5. Rotate the Mesh Component so it faces the direction the blue Arrow Component is pointing.
  6. In the Details panel, find the Animation category and assign the ThirdPerson_AnimBP to the Animation Blueprint Generated Class property.
  7. Select the CapsuleComponent from the Components panel, then in the Details panel, adjust the Capsule Half Height and Capsule Radius so they encompass the Skeletal Mesh.
  8. Select the Character Movement Component.
  9. In the Details panel, in the Movement Capabilities category, adjust the Nav Agent Radius and Nav Agent Height values.

    Set the Nav Agent Radius to at least the Capsule Radius, and the Nav Agent Height to at least twice the Capsule Half Height.
  10. With the Character Movement Component still selected, change the Max Walk Speed property, in the Character Movement: Walking category to 400.
  11. Click the Class Defaults    button and assign the new AI Controller (Runner_AI_CON) to the AIController Class property in the Pawn category.
  12. Compile and Save.

6 - Blackboard Setup

The Blackboard is the memory of the Behavior Tree. Here we will store a reference to the Actor we should flee from and a location to flee to.

  1. Double-click the Blackboard asset in the Content Browser.
  2. Using the New Key button , add a Vector key named FleeToLocation.
  3. Add an Object key named ActorToFleeFrom.

  4. Save your Blackboard asset.

7 - AI Controller Setup

The setup for this AI Controller is a single Run Behavior Tree node running our RunnerBT Behavior Tree when ever Event BeginPlay is executed.

  1. Double-click the Runner_AI_CON Blueprint in the Content Browser to open it for editing.
  2. In the Event Graph, have Event BeginPlay execute a Run Behavior Tree node using the RunnerBT as the BTAsset:

8 - Place the AI Character

We need to place our AI_Character into the level so it can interact with the player or environment.

  1. From the Content Browser, click and drag the AI_Character, that you created earlier, into the level.

9 - Behavior Tree Setup

Since you already have all the assets necessary to fill out the tree, you're going to be building this Behavior Tree:

Before we get into the steps to create this Behavior Tree, let's talk about what it does (or rather what it will do once we create the necessary EQS bits).

  • We enter the graph at the top Sequence Node, and then start executing it's children from left to right, and will keep executing as long as its children are successful.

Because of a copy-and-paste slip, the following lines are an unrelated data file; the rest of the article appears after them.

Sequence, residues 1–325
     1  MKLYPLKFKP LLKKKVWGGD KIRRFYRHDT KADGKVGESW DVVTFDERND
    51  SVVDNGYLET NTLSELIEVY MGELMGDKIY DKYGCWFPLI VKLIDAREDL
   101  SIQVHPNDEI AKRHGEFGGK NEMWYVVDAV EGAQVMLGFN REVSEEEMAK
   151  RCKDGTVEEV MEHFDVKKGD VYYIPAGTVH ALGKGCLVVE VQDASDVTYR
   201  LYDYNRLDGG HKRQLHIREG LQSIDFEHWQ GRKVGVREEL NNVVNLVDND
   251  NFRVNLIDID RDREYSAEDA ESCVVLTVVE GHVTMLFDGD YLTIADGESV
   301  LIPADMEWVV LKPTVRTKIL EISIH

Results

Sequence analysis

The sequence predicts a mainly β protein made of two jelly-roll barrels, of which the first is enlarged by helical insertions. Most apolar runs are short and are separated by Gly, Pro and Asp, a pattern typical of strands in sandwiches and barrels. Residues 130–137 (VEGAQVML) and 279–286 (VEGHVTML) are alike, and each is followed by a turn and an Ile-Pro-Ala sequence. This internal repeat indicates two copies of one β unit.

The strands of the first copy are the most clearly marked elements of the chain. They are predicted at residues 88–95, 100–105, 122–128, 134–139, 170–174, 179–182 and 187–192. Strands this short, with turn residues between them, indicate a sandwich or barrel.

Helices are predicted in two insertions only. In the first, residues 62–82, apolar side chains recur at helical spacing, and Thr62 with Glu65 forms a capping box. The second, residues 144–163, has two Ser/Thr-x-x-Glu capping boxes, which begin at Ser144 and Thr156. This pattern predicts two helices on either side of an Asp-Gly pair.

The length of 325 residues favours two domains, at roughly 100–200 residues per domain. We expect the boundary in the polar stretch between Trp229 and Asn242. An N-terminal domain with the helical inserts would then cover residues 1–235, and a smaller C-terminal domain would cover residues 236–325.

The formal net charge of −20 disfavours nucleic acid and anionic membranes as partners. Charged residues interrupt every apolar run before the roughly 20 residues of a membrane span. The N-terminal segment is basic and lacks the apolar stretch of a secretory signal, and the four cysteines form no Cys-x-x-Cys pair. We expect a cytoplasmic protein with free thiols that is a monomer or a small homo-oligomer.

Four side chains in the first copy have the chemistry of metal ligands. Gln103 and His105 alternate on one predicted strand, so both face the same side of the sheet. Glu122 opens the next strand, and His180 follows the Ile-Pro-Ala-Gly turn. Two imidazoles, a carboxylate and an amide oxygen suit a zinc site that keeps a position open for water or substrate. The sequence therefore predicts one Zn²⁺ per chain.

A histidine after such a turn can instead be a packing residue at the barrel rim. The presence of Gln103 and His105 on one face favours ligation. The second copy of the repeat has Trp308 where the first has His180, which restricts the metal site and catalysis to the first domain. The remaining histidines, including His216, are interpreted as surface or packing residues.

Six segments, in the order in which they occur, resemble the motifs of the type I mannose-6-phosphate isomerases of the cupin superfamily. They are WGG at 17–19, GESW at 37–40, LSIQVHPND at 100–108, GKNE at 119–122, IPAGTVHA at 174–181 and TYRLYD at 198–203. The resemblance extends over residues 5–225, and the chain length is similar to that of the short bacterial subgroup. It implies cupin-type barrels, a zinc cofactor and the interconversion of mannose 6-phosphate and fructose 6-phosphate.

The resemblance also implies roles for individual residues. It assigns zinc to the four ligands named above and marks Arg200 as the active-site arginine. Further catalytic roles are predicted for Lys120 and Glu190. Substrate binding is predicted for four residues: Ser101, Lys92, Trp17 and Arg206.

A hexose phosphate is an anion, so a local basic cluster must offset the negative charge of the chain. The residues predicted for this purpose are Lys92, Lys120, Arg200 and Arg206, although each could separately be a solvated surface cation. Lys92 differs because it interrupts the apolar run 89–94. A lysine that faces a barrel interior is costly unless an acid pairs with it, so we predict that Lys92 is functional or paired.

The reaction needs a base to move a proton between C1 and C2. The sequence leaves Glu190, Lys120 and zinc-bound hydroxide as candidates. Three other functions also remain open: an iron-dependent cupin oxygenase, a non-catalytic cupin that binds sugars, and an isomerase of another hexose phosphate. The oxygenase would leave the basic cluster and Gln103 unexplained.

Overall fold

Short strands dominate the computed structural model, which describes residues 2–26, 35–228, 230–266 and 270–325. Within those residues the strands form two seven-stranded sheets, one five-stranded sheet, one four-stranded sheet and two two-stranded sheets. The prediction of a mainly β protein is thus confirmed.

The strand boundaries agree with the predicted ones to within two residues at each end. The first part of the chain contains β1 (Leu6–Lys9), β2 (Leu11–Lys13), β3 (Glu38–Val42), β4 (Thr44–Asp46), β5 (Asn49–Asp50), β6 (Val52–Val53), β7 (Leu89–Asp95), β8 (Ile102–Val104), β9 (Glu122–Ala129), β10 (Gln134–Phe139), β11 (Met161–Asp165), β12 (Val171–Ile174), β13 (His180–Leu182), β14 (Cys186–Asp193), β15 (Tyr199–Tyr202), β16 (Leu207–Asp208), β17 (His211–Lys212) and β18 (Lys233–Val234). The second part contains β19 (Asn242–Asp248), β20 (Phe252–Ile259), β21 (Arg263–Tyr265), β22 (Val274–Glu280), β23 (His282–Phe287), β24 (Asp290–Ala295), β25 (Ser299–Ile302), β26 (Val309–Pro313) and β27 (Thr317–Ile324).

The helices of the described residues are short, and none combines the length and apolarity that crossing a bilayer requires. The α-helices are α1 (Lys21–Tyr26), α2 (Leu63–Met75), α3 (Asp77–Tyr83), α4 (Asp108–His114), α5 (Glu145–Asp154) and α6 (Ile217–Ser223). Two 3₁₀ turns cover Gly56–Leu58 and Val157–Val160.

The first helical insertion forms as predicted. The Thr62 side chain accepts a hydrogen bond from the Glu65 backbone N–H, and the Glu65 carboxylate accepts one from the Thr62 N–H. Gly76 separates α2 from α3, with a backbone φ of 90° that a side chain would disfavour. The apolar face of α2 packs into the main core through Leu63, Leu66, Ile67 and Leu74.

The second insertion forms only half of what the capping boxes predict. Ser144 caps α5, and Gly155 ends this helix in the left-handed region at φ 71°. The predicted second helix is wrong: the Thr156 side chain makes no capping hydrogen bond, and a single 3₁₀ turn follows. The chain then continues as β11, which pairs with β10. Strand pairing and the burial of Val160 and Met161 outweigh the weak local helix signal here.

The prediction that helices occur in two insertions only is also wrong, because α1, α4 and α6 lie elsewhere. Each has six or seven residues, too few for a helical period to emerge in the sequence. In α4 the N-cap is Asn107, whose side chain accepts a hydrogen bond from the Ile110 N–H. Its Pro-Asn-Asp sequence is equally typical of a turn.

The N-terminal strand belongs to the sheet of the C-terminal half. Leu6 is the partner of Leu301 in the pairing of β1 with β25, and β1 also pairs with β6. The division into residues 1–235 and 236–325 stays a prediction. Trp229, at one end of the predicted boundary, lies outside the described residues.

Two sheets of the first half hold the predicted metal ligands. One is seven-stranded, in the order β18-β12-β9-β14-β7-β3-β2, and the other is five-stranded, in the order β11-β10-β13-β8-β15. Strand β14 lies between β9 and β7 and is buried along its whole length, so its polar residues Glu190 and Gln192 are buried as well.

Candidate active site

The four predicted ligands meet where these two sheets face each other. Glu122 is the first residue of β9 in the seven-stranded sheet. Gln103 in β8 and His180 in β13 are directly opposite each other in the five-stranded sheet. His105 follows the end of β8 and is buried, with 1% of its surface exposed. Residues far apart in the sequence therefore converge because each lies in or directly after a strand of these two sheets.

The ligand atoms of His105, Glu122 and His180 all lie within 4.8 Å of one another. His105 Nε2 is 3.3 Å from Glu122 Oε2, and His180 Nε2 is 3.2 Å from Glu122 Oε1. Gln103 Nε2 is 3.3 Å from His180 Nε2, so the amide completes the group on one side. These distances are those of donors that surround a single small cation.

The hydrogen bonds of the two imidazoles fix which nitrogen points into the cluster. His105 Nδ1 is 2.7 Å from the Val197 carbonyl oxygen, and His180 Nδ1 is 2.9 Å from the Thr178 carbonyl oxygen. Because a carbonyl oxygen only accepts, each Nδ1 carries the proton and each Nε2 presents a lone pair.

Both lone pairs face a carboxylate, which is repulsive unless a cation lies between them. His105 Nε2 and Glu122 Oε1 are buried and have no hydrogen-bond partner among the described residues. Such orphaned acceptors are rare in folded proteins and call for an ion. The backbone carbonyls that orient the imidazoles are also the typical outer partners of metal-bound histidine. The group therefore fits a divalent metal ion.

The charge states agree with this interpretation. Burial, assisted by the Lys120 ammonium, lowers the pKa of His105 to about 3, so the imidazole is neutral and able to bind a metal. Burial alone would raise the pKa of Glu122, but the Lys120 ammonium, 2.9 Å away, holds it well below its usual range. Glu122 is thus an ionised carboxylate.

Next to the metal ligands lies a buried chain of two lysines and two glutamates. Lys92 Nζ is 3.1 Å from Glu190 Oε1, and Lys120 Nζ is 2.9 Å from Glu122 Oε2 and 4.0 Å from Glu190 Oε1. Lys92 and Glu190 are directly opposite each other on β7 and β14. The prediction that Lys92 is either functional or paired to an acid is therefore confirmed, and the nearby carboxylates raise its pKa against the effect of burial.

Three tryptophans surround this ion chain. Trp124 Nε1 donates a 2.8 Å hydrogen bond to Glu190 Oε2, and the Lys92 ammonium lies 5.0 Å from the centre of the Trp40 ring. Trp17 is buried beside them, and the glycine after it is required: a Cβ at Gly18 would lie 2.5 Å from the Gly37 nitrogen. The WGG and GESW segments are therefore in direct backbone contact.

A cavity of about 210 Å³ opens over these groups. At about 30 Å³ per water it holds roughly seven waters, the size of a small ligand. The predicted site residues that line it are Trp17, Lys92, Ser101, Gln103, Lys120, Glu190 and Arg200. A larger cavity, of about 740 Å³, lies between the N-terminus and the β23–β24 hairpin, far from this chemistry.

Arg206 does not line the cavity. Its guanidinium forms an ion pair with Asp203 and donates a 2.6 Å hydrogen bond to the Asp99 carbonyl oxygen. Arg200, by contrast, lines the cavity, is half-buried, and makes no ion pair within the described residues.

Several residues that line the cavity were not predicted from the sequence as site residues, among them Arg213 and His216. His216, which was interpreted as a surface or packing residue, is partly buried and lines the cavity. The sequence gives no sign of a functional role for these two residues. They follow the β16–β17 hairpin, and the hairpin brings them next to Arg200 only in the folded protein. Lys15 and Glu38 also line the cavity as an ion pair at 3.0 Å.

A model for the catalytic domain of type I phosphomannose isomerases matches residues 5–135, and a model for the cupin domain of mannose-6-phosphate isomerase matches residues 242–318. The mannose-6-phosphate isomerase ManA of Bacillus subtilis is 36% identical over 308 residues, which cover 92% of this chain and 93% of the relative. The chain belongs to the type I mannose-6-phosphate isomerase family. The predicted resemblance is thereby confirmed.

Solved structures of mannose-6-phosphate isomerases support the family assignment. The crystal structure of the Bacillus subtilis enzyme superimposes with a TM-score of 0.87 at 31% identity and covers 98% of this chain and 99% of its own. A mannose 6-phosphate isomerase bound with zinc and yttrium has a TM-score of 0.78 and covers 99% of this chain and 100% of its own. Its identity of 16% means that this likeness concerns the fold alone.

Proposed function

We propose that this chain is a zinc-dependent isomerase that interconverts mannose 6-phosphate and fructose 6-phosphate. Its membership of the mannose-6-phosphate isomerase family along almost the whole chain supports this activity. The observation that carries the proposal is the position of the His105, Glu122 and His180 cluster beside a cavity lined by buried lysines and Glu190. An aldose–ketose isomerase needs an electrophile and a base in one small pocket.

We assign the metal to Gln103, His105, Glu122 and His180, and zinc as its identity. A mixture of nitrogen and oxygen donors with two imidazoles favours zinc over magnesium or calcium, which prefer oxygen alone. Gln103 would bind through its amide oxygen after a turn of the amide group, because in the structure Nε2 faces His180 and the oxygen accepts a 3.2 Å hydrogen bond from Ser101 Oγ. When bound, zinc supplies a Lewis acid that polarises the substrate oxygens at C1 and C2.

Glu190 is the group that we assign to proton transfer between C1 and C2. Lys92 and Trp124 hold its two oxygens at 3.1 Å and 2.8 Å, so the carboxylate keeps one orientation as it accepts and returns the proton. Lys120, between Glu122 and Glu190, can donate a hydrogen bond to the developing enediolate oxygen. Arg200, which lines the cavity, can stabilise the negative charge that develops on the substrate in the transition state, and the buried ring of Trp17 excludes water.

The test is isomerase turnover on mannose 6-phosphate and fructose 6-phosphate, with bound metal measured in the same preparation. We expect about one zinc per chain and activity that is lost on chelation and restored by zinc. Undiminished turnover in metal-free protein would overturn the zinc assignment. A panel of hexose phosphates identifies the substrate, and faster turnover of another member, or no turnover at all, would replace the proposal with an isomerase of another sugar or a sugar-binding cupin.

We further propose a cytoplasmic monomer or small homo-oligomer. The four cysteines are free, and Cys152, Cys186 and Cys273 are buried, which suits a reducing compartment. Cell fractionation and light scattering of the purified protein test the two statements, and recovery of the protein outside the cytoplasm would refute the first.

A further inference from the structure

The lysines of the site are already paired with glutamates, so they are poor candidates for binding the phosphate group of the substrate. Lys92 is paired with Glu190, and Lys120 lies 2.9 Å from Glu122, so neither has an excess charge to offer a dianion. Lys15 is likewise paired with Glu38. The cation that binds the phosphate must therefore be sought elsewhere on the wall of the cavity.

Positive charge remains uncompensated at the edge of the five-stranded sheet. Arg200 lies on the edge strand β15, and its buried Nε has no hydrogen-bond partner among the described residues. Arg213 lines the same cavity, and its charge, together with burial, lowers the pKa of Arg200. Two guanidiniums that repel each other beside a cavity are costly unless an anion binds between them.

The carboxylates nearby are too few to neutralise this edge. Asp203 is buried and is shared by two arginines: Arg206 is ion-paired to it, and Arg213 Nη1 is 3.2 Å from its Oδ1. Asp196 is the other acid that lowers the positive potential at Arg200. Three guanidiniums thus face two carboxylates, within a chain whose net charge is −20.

• First is the EQS Query node that runs the FindPlayer template. We only allow this node to execute once every 0.5 seconds, and if it fails, the tree is locked out of executing the other nodes by the Cooldown Node returning failed, thusly failing its parent sequence node.
  • But, if the EQS Query is successful (it finds the player), then the second EQS Query is allowed to execute, finding the AI a place to hide.
  • Finally we move to the place that the second EQS Query found.
  1. Double-click the RunnerBT Blueprint in the Content Browser to open it for editing.
  2. Add a Sequence Node (right-click in the Graph Area Composites Sequence)
  3. Connect the Root Node to this new Sequence Node
  4. Create a Run EQS Query Node (right-click in the Graph Area Tasks Run EQSQuery)
  5. Connect it to the Sequence Node
  6. Select this Run EQS Query Node, and in the Details panel, set the Query Template to FindPlayer
  7. While still in the Details panel set the Blackboard Key to ActorToFleeFrom
  8. Add a Cooldown Decorator to the Run EQS Query Node (right-click the Run EQS Query Node Add Decorator... Cooldown)
  9. Select the Cooldown Decorator and set its Cool Down Time to 0.5
  10. Create another Run EQS Query Node (right-click in the Graph Area Tasks Run EQSQuery)
  11. Select the second Run EQS Query Node, and in the Details panel, set the Query Template to FindHidingSpot
  12. Again, while still in the Details panel, set the Blackboard Key to FleeToLocation
  13. Position it to the right of the first Run EQS Query Node
  14. Create a Move To Node (right-click in the Graph Area Tasks Move To)
  15. Connect it to the Sequence Node
  16. Select the Move To node and set Blackboard Key to FleeToLocation
  17. While still in the Details Panel, set Acceptable Radius to 0.5